How to Grow Beets

Growing Conditions
Beets are a fast growing, cool-season crop that prefer well-prepared soil free of rocks and debris. Choose a location that drains well and receives full to part sun. Obstructions in the soil can cause stunted or malformed root growth. To prepare for planting, work the soil down to several inches deep and remove any debris. Add organic matter and till into existing soil.

Beets can be planted as soon as the soil is workable in the spring. Waiting until the soil has warmed to 10°C will speed germination time, which typically takes 5-10 days. Beets are slightly more tolerant of disturbance to their roots than most other root vegetables and can be transplanted when young, but we recommend direct sowing in the garden when possible. Sow your seeds in rows ½” deep and space plants 1-2" apart. Seeds can be soaked prior to planting to improve germination rates. Beets need to be thinned once plants reach 4-5" tall to maintain proper spacing. For successional harvests, plant beets every 2-3 weeks. Avoid planting during hot, dry spells in the summer.

Find our full guide to seed starting here.

Carrot Bunch

Thin your beet seedlings by pinching them off at the soil when your seedlings have reached 4-5" in height. Allow them around 3-4” of space. The more space you provide, the larger each root can become. You can check back in a few weeks and do a second thinning if more seedlings have popped up.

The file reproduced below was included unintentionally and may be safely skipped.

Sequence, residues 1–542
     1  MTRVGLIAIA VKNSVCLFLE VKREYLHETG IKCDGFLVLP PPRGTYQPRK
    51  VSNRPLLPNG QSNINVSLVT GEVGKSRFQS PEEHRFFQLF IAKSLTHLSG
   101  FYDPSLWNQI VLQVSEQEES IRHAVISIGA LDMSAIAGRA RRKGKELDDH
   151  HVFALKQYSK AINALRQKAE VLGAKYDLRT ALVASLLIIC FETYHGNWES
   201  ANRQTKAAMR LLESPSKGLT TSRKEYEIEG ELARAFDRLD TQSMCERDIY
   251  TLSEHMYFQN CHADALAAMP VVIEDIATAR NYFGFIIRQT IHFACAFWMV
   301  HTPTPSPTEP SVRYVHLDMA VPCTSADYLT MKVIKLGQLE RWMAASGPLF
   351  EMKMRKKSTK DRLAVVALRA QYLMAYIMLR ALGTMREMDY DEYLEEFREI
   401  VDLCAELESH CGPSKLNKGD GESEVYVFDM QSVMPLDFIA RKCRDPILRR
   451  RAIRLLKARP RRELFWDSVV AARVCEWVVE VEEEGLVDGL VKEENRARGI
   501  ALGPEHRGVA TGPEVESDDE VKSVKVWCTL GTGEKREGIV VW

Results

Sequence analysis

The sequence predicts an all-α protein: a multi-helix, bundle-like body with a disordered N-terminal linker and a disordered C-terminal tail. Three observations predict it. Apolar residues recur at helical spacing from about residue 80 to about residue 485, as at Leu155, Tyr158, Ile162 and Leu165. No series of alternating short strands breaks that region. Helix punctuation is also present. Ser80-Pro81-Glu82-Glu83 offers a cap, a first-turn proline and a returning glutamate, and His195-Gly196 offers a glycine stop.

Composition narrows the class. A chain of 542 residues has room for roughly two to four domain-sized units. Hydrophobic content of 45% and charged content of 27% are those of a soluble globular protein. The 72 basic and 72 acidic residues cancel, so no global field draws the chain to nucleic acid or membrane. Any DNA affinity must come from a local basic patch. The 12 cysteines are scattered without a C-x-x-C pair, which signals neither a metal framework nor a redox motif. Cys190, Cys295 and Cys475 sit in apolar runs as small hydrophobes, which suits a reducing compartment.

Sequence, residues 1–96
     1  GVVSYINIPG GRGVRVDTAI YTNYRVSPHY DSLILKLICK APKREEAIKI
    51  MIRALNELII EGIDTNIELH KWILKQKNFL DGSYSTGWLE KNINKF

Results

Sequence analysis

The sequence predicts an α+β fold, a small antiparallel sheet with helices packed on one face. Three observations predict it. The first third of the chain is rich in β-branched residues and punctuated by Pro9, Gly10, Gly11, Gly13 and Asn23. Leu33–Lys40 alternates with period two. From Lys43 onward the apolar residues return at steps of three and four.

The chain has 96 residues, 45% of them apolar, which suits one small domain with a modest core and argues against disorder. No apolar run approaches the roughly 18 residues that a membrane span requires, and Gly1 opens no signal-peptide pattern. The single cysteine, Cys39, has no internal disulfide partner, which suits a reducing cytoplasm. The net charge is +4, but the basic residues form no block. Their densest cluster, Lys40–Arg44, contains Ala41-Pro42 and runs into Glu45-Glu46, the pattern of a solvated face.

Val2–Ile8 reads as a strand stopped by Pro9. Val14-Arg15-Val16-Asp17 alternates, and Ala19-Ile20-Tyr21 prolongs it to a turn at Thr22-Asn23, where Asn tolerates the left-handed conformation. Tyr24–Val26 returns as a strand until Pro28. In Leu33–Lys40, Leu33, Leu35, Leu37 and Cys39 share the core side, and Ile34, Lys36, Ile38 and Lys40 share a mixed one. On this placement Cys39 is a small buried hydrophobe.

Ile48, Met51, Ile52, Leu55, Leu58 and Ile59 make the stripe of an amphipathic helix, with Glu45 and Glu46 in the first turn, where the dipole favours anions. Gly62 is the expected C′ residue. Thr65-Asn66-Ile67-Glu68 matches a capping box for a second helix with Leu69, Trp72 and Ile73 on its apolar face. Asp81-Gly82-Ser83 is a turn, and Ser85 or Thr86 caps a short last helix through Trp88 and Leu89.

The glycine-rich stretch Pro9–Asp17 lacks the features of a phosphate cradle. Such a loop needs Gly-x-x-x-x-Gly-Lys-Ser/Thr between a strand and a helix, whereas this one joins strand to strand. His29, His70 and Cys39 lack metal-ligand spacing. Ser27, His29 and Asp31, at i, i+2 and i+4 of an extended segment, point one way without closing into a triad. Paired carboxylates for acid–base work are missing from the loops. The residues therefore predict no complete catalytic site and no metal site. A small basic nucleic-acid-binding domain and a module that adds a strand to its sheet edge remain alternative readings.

Beets are generally low maintenance, but they do require some attention during the growing season. If your soil is not rich in nutrients you may need to fertilize after a few weeks of growth. We recommend a fertilizer high in potassium and phosphate (for vigorous root growth) and low in nitrogen (to avoid excessive top growth) such as our Garden Fertilizer with Boron or Neptune's Harvest Tomato and Vegetable fertilizer. Liquid or granular fertilizers are best to avoid disturbing the beet roots. Beets require at least an inch of water per week and may require supplemental watering during dry spells in the summer. Keep your beds well weeded throughout the growing season. 

Pests and Diseases
Flea Beetles - Small black beetles that feed on leaves and stems, leaving holes and discoloured patches.
Leaf Miners - Larvae that tunnel through leaf tissue, leaving irregular patterns of damage. 
Wireworms - Larvae that feed on seeds and roots. Look for wilting, yellowing tops. 
Mosaic Virus - A virus that causes mottled light and dark spots on leaves and stunted growth.

Crop rotation, garden cleaning, and proper spacing between plants are the best ways to prevent problems caused by pests and diseases. Diatomaceous earth can be used to control crawling pest species, while sticky traps will catch flying pests. Row covers and insect netting can also prevent travelling pests from landing on your crops and causing damage. Ensure good drainage in your chosen planting spot to prevent problems with fungus and rot. Contact us for more specialized pest control methods such as beneficial nematodes. 

It generally takes 50-60 days for beets to grow to their full size, depending on the variety. Harvest when beets have reached a size similar to a golf ball for baby beets, or fist sized for fully mature beets. Beet greens can be harvested at any time, but be sure to leave some leaves behind so the roots can continue to grow. If beets are left in the ground too long, they can lose their flavour and become woody. 

Harvest your beets by gently grasping the leaves at the crown and pulling them up. If they do not come up, try loosening the soil gently. Once they have been harvested, brush off the excess soil before storing. Beets can be stored in a cool, dry place or in the refrigerator or freezer.